John Einberger, CFP®, Mutual Advantage, LLC
Financial planner and avid cyclist John Einberger knows how to balance - and not just on a bicycle. John manages a dynamic balance between running a successful financial planning practice and indulging his passion for cycling.
In 1972, a few years after graduating from college, John settled in Boulder, Colorado, home of the University of Colorado, a mecca for fitness buffs and a center of entrepreneurial fervor.
John and like-minded friends found venture capital easy to get; and by the end of the 1980s John and two co-owners were beginning to sell off John’s fourth startup, a software company that the three had founded and which had grown into an enterprise employing 1,500 people.
Looking for a change, and no longer being fully involved in the software enterprise, John began working as a paraplanner for a fee- and commission-based planner, doing back office work, part time on an hourly basis. In 1996, with the software enterprise successfully sold off, John bought out the other planner for a modest sum and took over the practice, known as Mutual Advantage Inc., along with half a dozen clients. Running the practice alone, he quickly found himself both reinventing the wheel and looking for a better way to get paid for his work than fee plus commission.
In 1997 John met another Boulder financial planner (and ACP member), Stewart Farnell, who told him about the ACP approach to fee-only financial planning. To John, the ACP model seemed to provide both the tools he needed to stop reinventing the wheel and a roadmap for going fee-only. He joined ACP in 1999 (the same year in which he received his CFP® certification), attended the January 2000 ACP training class, and quickly began to incorporate the ACP System™ into his practice.
The firm’s target size is 30 clients, and while the actual number may be slightly above or below 30 at any given time, it never strays far from its target.
In order to combine financial planning work with cycling and other activities, John works 3½ days a week from September through May and then cuts back to 2½ days a week for the summer. This schedule works just fine for his clients - he tells them up front that he practices financial planning part-time. John has not encountered any pushback from his clients on this (probably because he has successfully managed their expectations). He regularly takes extended vACPtions of one to two months to engage in recreational expeditions. On some of these trips John has had another advisor on call in case of a client emergency, but no incidents have ever come up.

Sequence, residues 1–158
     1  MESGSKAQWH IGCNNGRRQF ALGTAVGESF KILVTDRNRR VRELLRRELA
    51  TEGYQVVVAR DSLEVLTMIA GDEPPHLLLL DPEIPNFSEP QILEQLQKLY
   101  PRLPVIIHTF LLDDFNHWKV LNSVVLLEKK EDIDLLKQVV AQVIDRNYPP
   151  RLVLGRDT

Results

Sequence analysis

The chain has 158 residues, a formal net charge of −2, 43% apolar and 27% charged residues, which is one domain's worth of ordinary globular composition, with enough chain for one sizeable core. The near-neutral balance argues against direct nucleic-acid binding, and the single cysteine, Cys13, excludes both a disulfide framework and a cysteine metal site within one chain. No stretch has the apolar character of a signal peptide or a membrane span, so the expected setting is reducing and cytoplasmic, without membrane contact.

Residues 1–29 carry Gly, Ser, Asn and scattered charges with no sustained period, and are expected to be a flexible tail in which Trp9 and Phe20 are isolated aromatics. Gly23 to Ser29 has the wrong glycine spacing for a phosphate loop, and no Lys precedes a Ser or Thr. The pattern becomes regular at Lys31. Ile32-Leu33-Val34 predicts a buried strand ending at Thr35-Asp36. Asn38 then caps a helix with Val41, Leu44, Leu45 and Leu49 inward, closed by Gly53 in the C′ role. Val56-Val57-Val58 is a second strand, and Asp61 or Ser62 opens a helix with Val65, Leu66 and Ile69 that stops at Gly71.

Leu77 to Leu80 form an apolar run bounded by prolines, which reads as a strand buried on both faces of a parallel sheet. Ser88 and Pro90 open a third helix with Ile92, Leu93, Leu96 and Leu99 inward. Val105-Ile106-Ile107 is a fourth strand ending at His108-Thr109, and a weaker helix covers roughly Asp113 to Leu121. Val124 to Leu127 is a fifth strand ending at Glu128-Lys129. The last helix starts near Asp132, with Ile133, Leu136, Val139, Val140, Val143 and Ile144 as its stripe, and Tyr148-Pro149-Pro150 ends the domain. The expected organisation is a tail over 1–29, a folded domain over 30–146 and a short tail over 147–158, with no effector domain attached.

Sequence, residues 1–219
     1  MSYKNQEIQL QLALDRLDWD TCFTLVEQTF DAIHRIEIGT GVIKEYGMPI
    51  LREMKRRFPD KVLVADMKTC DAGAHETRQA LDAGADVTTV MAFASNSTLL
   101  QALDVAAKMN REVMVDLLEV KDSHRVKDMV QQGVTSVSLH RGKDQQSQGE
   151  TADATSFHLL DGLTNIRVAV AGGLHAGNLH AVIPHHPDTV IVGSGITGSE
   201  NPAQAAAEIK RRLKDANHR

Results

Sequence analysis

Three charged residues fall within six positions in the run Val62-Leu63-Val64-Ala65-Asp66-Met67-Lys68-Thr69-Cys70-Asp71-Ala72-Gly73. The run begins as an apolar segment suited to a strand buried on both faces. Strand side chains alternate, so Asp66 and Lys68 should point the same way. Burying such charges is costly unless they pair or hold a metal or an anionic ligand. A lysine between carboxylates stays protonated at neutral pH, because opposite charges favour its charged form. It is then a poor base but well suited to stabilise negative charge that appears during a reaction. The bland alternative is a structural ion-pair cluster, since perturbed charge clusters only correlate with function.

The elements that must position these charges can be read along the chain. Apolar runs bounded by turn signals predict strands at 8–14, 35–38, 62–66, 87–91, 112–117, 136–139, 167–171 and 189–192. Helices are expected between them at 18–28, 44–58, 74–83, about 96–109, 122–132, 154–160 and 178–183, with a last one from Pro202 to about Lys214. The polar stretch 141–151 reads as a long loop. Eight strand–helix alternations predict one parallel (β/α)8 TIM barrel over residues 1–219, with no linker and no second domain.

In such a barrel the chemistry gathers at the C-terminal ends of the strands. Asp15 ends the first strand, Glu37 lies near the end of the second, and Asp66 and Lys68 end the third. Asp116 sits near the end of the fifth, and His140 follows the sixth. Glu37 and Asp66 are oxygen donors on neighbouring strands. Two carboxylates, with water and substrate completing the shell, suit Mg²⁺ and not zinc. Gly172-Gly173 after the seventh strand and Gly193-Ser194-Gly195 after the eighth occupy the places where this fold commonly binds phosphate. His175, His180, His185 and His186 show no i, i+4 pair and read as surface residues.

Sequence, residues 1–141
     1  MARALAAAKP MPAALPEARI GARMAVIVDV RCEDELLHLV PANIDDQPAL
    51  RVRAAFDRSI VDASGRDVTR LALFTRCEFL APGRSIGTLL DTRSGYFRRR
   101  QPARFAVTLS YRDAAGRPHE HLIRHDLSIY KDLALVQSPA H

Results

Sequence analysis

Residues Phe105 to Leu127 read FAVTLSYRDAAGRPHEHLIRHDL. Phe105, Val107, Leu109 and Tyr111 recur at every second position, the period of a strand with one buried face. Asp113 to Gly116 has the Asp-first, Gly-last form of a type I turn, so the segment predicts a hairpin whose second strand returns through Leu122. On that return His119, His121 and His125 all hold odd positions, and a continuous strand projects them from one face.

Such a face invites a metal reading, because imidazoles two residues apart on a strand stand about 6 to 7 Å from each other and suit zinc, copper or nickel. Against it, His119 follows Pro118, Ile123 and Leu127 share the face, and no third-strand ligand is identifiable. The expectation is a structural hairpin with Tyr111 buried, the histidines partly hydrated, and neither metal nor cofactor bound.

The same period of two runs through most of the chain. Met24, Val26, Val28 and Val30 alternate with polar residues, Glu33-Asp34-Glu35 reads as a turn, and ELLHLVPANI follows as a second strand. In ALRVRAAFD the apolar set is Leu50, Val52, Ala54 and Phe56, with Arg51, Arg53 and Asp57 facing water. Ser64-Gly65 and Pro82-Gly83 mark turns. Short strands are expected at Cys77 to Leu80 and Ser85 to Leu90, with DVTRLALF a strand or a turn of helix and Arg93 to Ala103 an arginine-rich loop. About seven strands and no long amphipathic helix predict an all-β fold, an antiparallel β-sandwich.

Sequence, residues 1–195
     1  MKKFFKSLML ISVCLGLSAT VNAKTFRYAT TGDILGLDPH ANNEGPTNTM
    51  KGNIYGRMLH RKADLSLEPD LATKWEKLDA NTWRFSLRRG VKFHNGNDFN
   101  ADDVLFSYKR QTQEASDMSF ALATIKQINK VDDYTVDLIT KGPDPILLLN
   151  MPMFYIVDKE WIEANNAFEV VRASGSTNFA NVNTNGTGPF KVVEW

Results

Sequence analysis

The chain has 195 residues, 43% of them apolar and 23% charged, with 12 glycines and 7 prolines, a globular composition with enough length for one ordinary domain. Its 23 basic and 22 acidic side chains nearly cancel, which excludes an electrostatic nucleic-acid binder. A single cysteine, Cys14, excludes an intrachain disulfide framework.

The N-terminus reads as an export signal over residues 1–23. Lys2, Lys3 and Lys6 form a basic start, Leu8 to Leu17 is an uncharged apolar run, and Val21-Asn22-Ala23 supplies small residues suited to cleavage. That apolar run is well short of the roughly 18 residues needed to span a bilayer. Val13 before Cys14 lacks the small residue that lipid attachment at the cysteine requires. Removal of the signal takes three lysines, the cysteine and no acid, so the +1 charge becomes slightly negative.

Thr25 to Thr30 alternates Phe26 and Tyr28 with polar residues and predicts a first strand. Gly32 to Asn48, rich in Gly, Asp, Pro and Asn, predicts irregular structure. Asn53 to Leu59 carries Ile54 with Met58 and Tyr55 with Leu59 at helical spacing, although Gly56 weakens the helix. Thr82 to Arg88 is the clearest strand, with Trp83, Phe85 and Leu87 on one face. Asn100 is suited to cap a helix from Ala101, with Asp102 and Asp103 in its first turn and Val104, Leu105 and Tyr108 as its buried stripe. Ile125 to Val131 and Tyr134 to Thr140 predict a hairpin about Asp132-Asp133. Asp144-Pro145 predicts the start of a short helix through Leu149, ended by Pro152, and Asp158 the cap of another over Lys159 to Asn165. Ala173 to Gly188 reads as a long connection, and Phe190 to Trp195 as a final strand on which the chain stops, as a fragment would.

John is a generalist who enjoys working on the entire range of financial planning with his clients. He does not accept tax-only clients and prepares taxes only for ongoing, full-retainer clients.
New clients approach John as the result of referrals from existing clients, the NAPFA website, and their research on the web. John does not advertise and is not listed in the Yellow Pages.
In working with clients, John follows the ACP model closely in the areas of tax planning, tax preparation, retirement planning, estate planning, investing, insurance, record keeping, Quicken training, and cash flow projections. John knows the ACP System™ so well he has been one of the instructors for the ACP training class. John does most of the planning work himself. His part-time paraplanner does the data entry for tax preparation and back office research on individual stocks or annuities a client might own, insurance, Social Security, or Medicare.
Mutual Advantage, Inc. does not place trades for clients or take custody of client assets. This approach of giving advice only with clients placing their trades at retail works well for John’s clients, who are drawn from the hands-on, entrepreneurial culture of Boulder.
John’s goal is to maintain his practice in its current state, giving him the opportunity to practice professionally and still indulge his other interests. “Going along flat and level” is how this cyclist describes the road ahead for his practice.